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Dec
08
Bond Junk
Tags: Junk Bonds
This week completes another holiday tradition in Pennsylvania – deer hunting season.  You think I’m kidding - public schools close on the first day of deer hunting season in Pennsylvania, which runs about two weeks starting on the Monday following Thanksgiving. I have never been a deer hunter but do respect the passion / obsession of the sport.  It stirs the testosterone of a large contingent of our male population – that’s a good thing.  And, unlike bear, whitetail deer meat makes a fine bologna (if you are ever offered bear bologna, run the other way, it’s disgusting). I experienced a weekend in deer camp one season, which was an interesting social experience.  While there were some serious hunters in the cabin, there was also a fair...
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Nov
30
Flying On One Engine
I finally got around to watching the movie Sully last weekend (sorry, I'm not paying $30 for a movie ticket and popcorn to catch a new release).  It was at the top of my unwatched movie backlog and was excellent, but what else would you expect from an Eastwood-directed film featuring Tom Hanks?    The movie was based on the remarkable true story of Captain Chesley "Sully" Sullenberger who championed a miraculous emergency landing of a fully disabled jet airliner on the Hudson River astride downtown Manhattan in January, 2009.  All 155 passengers and crew survived and were rescued within minutes of the forced water landing (Sully refused to call it a "crash landing"). On January 15, 2009, minutes after takeoff from LaGuardia airport,...
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Nov
22
Swiss Cheese
Happy Thanksgiving week.  Looking forward to visiting with our daughter Abby who is rolling in for some R&R from Pitt for a few days, staying just long enough for us to get re-adjusted to her presence before she up and leaves again. We have a micro-small family and so we don't experience the drama that many families dread on Thanksgiving day.  The best jokes about Thanksgiving center around family disfunction and overindulgence.  To wit: • "Thanksgiving is an emotional time. People travel thousands of miles to be with people they see only once a year. And then discover once a year is way too often." — Johnny Carson  • "I come from a family that considers gravy a beverage" - Erma Bombeck.  • "Thanksgiving is a magical time of year...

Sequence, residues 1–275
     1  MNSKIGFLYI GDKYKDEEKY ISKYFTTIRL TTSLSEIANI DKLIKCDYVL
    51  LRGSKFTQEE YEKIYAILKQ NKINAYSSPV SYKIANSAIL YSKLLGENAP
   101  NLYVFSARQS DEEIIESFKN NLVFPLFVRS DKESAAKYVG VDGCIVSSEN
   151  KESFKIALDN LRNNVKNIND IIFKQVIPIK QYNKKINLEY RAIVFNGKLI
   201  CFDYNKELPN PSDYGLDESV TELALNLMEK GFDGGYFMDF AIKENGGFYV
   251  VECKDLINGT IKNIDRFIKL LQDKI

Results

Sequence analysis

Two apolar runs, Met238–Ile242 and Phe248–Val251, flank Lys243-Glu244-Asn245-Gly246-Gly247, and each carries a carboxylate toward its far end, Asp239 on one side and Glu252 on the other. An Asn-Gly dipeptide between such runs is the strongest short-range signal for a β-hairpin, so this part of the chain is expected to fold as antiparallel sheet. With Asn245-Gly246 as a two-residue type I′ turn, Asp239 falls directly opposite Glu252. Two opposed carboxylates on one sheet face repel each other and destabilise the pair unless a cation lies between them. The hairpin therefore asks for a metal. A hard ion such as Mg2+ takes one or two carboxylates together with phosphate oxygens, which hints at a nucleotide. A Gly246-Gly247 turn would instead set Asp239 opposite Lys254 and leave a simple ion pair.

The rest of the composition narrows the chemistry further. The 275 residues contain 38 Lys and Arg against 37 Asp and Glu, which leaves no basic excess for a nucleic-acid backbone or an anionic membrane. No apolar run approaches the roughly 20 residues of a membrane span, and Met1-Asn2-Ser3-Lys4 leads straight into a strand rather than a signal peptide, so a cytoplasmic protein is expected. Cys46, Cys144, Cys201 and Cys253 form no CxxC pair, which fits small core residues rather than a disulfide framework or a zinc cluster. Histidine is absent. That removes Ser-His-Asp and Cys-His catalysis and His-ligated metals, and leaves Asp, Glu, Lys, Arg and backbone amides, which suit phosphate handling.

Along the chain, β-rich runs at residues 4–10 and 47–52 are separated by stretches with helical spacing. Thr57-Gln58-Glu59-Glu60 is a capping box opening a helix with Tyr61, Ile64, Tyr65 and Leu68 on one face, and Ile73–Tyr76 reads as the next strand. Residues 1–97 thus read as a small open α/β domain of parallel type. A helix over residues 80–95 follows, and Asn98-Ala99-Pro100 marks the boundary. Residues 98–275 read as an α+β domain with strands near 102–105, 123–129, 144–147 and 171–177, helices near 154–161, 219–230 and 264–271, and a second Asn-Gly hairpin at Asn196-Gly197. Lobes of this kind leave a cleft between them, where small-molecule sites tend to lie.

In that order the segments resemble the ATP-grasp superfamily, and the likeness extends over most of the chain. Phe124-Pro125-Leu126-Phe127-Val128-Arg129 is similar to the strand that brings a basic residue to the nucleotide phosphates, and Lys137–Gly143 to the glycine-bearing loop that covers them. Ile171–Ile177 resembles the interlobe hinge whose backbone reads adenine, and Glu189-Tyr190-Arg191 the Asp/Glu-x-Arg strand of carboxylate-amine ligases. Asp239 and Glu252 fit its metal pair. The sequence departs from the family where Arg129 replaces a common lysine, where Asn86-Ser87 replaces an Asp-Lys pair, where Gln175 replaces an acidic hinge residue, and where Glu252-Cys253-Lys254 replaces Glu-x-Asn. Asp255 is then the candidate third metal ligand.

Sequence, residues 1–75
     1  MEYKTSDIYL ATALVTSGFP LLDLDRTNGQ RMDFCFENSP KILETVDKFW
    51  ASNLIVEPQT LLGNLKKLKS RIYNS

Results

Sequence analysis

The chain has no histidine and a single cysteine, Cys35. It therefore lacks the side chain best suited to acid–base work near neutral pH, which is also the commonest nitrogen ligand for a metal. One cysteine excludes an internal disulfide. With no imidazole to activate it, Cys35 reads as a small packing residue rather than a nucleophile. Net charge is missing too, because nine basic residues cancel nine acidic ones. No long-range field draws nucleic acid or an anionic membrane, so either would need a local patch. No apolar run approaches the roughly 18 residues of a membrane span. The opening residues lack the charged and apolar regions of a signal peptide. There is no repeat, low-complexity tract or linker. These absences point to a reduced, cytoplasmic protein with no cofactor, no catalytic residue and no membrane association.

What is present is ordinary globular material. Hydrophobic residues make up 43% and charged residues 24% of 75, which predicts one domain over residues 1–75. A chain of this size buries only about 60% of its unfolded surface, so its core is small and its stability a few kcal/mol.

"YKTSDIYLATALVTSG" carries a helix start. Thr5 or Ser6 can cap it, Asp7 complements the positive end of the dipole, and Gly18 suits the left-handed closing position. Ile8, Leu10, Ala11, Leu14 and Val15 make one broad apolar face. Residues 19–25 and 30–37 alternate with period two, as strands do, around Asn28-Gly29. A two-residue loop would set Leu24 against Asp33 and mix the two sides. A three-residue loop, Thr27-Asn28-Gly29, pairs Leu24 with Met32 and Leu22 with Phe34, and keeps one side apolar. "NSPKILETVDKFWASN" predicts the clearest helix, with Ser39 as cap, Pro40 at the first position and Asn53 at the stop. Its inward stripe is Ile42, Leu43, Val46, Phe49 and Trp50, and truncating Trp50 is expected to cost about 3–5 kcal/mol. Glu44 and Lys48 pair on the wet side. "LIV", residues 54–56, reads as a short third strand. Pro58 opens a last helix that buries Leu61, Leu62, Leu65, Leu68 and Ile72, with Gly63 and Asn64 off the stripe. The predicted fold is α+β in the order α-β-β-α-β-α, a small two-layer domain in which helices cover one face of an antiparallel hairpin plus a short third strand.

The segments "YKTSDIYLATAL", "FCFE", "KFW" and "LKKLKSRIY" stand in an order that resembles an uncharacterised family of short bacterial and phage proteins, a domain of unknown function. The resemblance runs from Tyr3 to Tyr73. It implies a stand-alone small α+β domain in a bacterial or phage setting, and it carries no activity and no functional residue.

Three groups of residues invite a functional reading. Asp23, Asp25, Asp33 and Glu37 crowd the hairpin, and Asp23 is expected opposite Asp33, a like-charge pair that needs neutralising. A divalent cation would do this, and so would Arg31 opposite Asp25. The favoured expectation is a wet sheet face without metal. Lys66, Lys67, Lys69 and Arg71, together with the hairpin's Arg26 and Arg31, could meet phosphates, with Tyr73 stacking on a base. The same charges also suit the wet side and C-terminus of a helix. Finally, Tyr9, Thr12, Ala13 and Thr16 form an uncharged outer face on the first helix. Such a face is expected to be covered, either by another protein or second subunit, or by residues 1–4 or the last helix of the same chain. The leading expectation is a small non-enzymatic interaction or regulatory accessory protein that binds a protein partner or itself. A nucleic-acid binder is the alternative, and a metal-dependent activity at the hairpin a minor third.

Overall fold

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Nov
17
Sayonara, Shingles
I am not a worrier by nature but admit to getting rattled recently when our trusted office cleaning professional was unable to work back-to-back weekends after contracting shingles.   Look, if the shingles can take down this tough self-employed business woman, I became quite concerned about Carrie's and my susceptibility to this horrible affliction. I have stories about the horror of shingles, but for whatever reason was not motivated to get vaccinated – until now.  Carrie and I both had the chicken pox illness, so we have the virus in our bones and the risk of shingles grows geometrically once you reach age 50. In my anxious state, we made a beeline to the CVS to get a shingles shot on a recent Sunday afternoon.  To my dismay (and good...
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Nov
10
Hershey Sensation
“If I wanted to watch grown men run around for ninety minutes failing to score, I’d just go to a nightclub”.  This was Jimmy Fallon’s joke during the last World Cup soccer tournament and it still makes me giggle. I never played soccer but have come to appreciate the skill, athleticism and conditioning of soccer players, men and women.   And also the passion (bordering on psychosis) of international soccer fans.  They make Philadelphia Eagle fans at Lincoln Field look like opera snobs in comparison.  As Joe Biden would say, world soccer is a “BFD” and I literally jumped off the couch (yelling at Carrie to get to the TV) a few weeks ago when the trailer to 60 Minutes featured a Hershey, Pennsylvania teenager referred to as the next...
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Nov
03
Trick or Treat
Last month I attended a thought-provoking seminar about the best practices when interacting with individuals dealing with grief from the loss of a loved one, a natural disaster or other personal trauma. The speaker – Amy Florian - is a professional psychologist, consultant and recognized expert on grief counseling.  She works with professionals to help them help their clients better deal with grief – and she was excellent. Unfortunately, as a financial planner, I am regularly in the uncomfortable situation of comforting clients in a moment of tragedy or crisis.   I think I am adequate in handling these situations, but I learned that I could use some more honing of my skills in this regard. The key takeaway is the need to empathize at...
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Oct
27
White Out
College football is pure stress relief for me and I am enjoying the current season.   My alma mater, James Madison University, is the reigning 1-AA champs, is ranked #1 in the nation and is sporting the longest winning streak in all of college football at eighteen games (jinx alert). My Pitt Panthers are rebuilding this year, but Penn State is on a roll - ranked #2 in the country in the 1-A flight as of this writing.  I had the good fortune to get invited by a good friend to attend the Penn State – Michigan game in Happy Valley last Saturday.   Penn State is regularly voted the #1 tailgating university in the country – and it's a well-earned title.  Their fans work hard to outdo themselves with elaborate tailgate parties every home...
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Oct
20
Happy Anniversary?